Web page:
A portion of the Centennial Trail runs through Riverside State Park, but the trail culminates at Lake Spokane. At Lake Spokane, boaters, anglers, and water sports fans can enjoy the thrill of the great outdoors in a variety of ways. If you’re looking to camp there this summer, Lake Spokane’s campground has 11 primitive sites that can also accommodate RVs. Make it a day trip and hang out under one of the ten picnic shelters. Bring your fishing pole to fish off the boat launch dock. Or bring your swimsuit and a towel to catch some sun rays. If you’ve got a boat, we’re all a little jealous of you. You can take your pick of the four boat-in camping areas around Lake Spokane for a unique summer campout.
Spokane River Centennial State Park Trail
The Centennial Trail boasts a 40-mile-long paved trail that runs between the Washington-Idaho state line and the Nine Mile Recreation Area. Thirteen miles of the trail is situated in Riverside State Park between Spokane Falls Community College and the Nine Mile Falls Recreation Area. To learn more about the Centennial Trail click the button below.
Equestrian & ORV Areas
At the Equestrian Area, horse lovers will find a horse-friendly campground and an obstacle course with a 60-foot round pen. With 25 miles of horse-friendly trails, you and your trusty steed can take off exploring for hours. There are several main trailheads that support equestrian use and allow room for horse trailer parking. These trails include Pine Bluff Trailhead, Marchand Trailhead, McLellan Trailhead, Carlson Trailhead, and Deep Creek Trailhead.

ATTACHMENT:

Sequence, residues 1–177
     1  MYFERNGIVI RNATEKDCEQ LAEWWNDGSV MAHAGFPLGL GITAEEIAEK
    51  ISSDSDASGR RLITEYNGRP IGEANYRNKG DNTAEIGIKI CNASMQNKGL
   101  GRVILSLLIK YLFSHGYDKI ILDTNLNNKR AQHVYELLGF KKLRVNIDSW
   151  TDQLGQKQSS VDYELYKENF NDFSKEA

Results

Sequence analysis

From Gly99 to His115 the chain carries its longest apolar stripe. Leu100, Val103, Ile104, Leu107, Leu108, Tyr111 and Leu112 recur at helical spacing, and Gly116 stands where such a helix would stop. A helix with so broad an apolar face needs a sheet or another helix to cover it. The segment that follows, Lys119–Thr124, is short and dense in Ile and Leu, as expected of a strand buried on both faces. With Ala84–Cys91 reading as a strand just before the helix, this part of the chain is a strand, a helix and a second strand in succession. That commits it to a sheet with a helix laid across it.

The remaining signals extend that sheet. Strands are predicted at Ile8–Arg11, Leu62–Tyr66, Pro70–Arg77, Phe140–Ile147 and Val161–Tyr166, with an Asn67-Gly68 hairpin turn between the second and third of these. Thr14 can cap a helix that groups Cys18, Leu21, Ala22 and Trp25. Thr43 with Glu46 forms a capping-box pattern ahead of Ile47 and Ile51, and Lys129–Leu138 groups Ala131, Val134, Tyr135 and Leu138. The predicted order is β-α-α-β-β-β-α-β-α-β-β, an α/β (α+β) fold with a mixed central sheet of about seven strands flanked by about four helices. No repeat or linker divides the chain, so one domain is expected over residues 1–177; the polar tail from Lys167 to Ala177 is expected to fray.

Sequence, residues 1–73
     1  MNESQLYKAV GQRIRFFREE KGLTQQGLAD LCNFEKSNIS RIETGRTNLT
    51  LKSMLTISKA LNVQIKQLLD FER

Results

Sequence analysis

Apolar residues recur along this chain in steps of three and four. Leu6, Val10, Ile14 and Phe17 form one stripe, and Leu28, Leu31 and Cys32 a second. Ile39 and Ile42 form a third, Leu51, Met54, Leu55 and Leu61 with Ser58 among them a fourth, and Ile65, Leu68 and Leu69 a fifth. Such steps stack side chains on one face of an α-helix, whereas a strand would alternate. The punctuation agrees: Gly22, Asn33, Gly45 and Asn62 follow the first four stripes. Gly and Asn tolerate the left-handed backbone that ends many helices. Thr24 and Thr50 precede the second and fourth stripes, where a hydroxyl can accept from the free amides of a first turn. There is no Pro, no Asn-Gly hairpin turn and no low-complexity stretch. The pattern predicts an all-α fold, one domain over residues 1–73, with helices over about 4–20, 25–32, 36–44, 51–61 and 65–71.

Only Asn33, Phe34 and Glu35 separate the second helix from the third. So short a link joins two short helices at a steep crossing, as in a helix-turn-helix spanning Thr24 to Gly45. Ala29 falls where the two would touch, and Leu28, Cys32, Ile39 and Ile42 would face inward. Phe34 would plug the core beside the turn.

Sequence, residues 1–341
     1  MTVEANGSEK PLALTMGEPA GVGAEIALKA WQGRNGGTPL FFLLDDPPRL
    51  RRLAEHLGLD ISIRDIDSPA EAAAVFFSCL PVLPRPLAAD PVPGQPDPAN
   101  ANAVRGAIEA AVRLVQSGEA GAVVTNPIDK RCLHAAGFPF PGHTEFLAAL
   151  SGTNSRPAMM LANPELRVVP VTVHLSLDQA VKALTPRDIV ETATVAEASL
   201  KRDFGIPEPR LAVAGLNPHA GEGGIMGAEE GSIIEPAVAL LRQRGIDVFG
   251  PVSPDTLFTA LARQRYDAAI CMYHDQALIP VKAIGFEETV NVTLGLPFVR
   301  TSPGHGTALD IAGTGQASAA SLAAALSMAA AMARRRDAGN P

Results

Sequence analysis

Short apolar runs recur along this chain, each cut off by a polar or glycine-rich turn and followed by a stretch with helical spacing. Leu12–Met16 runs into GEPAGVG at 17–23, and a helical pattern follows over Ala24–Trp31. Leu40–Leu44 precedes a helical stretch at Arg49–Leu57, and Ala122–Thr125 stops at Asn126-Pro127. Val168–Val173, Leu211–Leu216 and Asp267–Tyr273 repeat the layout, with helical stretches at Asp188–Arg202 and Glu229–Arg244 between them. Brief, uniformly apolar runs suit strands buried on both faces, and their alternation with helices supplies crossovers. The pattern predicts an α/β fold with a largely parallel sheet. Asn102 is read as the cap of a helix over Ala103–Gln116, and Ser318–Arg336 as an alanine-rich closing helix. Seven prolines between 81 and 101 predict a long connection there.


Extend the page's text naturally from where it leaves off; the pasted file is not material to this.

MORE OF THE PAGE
If off-roading is more your style, the ORV area has 600 acres of special terrain for you thrill-seekers. Plus, you’ll find a dedicated area for beginner and training riders. In the winter, this area is prime for a day of snowmobiling.
Riverside State Park Map
A Discover Pass is required for day visits to state parks and other state-managed recreation areas. The pass allows access to millions of acres of parks, wildlife areas, trails, and water-access sites. You can purchase a Discover Pass online by phone or in person.
For details visit www.discoverpass.wa.gov or call (866) 320-9933. We greatly appreciate the continued support of Washington State’s beautiful recreation lands.
Riverside State Park was established in 1933 in an effort to save the land from further development. The area is known as a major gathering site for Native American tribes, including the Spokane and other local tribes. The Spokane House Interpretive Center at Nine Mile Falls focuses on the history of the early fur trade and its effects on the Native American population. The center is open Saturdays and Sundays from 10 am to 4 pm Memorial Day until Labor Day. In addition, an interpretive trail in Riverside State Park features guideposts and a self-guided brochure that connects the Indian Painted Rocks area with the mouth of the Little Spokane River.
At the Seven Mile camp, a kiosk will tell the story of the Civilian Conservation Corps (CCC) and their role in building the park. The CCC made its mark on the state park between 1933 and 1936 as they made several improvements to the park. In fact, the suspension bridge at Bowl and Pitcher was built by the CCC. Today visitors to the park enjoy many of the amenities implemented by the CCC. These improvements include over 10,000 acres for camping, fishing, boating, hiking, rock climbing, horseback riding, kayaking, tubing, swimming, snowmobiling, and mountain biking.